AP headlined, "Who knew of Fort Hood suspect's radical contacts (in suggesting) opportunities were missed to head off the massacre in which 13 died and 29 others wounded last Thursday."
National Public Radio's (NPR) Daniel Zwerdling called Hasan "cold (and) unfriendly," according to a fellow psychiatrist "who worked very closely with (him) and knows him very well....the medical staff was very worried about this guy....He did not do a good job in training, was repeatedly warned, you better shape up, or, you know, you're going to be in trouble....more relevant (was that) he was very proud and upfront about being Muslim....he seemed almost belligerent about (it), and he gave a lecture one day that really freaked a lot of doctors out....he was the kind of guy who the staff actually stood around in the hallway, saying: Do you think he's a terrorist, or is he just weird?"
NPR's Steve Inskeep called Hasan "disturbed" and "disliked."
On Public Broadcasting's (PBS) News Hour, Gwen Ifill discussed his "extremist" views and "ties" to a "radical cleric" with Washington Post writer, Dana Priest. Focusing on her November 10 article titled, "Fort Hood suspect warned of threats within the ranks," she explained his late June 2007 Power Point presentation to supervisors and other physicians and mental health staff expressing "a quite radical view of Islam and the Koran, with warnings throughout that Muslims (will be conflicted) if they are asked to fight and kill other Muslims...."
Titled, "The Koranic World View As It Relates to Muslims in the US Military," Priest stressed elements like:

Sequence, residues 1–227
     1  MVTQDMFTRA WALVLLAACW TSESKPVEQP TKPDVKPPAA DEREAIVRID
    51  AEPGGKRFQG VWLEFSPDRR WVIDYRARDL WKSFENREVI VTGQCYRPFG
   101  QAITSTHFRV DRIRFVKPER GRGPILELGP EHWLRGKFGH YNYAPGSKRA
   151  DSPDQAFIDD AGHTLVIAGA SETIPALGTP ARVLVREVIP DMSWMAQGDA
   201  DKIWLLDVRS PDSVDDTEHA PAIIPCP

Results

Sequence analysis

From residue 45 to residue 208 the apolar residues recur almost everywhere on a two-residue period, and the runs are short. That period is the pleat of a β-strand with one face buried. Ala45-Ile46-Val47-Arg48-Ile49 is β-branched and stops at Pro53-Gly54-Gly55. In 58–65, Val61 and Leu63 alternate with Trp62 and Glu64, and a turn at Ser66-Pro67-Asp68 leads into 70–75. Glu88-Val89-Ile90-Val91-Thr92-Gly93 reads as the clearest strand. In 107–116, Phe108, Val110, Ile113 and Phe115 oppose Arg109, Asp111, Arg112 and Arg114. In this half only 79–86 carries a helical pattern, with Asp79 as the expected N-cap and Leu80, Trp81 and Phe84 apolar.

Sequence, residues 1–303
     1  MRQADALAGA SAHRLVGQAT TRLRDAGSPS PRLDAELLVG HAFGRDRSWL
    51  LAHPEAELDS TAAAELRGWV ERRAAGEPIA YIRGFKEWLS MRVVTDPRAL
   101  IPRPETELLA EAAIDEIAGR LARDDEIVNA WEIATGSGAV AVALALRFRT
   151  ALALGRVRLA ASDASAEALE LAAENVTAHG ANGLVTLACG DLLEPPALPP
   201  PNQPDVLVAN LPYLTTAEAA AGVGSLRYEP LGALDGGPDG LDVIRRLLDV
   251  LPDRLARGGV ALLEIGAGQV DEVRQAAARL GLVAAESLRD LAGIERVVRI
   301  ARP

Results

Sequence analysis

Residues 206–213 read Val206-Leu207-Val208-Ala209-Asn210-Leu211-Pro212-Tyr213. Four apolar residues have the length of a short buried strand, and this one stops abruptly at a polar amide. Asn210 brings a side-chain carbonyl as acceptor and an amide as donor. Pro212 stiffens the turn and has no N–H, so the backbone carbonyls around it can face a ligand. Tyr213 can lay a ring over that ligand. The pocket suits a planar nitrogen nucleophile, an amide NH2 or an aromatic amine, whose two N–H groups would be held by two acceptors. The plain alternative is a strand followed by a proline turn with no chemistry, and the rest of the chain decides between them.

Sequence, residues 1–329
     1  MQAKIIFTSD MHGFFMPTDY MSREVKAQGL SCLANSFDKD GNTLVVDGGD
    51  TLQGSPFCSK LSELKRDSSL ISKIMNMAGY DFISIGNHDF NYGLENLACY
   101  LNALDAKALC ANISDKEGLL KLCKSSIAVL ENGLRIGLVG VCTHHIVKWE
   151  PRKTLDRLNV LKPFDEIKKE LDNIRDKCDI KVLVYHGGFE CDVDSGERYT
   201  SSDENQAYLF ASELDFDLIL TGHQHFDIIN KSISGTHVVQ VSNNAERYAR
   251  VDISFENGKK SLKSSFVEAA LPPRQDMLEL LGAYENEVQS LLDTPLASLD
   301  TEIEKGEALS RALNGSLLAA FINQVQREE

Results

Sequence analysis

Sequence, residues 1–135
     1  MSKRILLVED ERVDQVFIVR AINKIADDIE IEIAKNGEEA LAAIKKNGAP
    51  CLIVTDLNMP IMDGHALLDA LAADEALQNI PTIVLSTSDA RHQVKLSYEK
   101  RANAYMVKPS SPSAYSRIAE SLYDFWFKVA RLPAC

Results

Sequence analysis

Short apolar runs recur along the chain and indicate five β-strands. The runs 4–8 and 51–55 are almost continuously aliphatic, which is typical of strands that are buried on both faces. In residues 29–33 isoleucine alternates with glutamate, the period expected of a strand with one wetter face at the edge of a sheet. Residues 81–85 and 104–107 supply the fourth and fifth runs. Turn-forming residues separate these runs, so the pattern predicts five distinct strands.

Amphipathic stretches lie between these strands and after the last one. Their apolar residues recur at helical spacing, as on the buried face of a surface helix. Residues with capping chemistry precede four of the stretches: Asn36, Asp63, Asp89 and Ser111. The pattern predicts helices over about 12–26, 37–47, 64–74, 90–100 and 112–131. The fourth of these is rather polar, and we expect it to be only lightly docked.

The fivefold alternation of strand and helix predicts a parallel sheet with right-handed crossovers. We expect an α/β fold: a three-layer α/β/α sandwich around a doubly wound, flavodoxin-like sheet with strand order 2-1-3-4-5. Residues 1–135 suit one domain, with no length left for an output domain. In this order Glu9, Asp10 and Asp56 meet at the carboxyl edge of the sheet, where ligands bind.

- guilt feelings and religious conflicts facing Muslims in the military;
- offensive jihad, or holy war;
- Hasan saying: "If Muslim groups can convince Muslims that they are fighting for God against injustices of the 'infidels;' ie, enemies of Islam, then (they) can become a potent adversary; ie, suicide bomb(ers), etc;
- another comment saying: "We love death more than you love life;" and
- under conclusions, writing: "Fighting to establish an Islamic State to please God, even by force, is condoned by Islam (and) Muslim soldiers should not serve in any capacity that renders them at risk to hurting/killing believers unjustly."
Not addressed in Priest's article was the following:
- Muslims' objections to the Iraq and Afghanistan wars;
- out-of-date Pentagon information about Muslim attitudes in the military;
- over 4,000 armed forces members are Muslims, not the media-reported 2,000 - 3,000 number;
- most are African Americans, so it raises troubling implications about extending imperial wars to Africa using black Americans to fight them; and
- more than 3,000 armed forces members converted to Islam while stationed in the Persian Gulf in the 1990s.
Priest mentioned Hasan's recommendation urging the Defense Department to release Muslims as conscientious objectors "to increase troop morale and decrease adverse events."
Reporter Ray Suarez painted a "conflicting portrait (of the) accused Fort Hood gunman," devout, quiet, hardly known or understood by his neighbors, disenchanted with the military, and eager to get out. He cited the Council on American-Islamic Relations' Ibrahim Hooper saying his BlackBerry buzzed with hostile messages, "one calling for all-out war on Islam."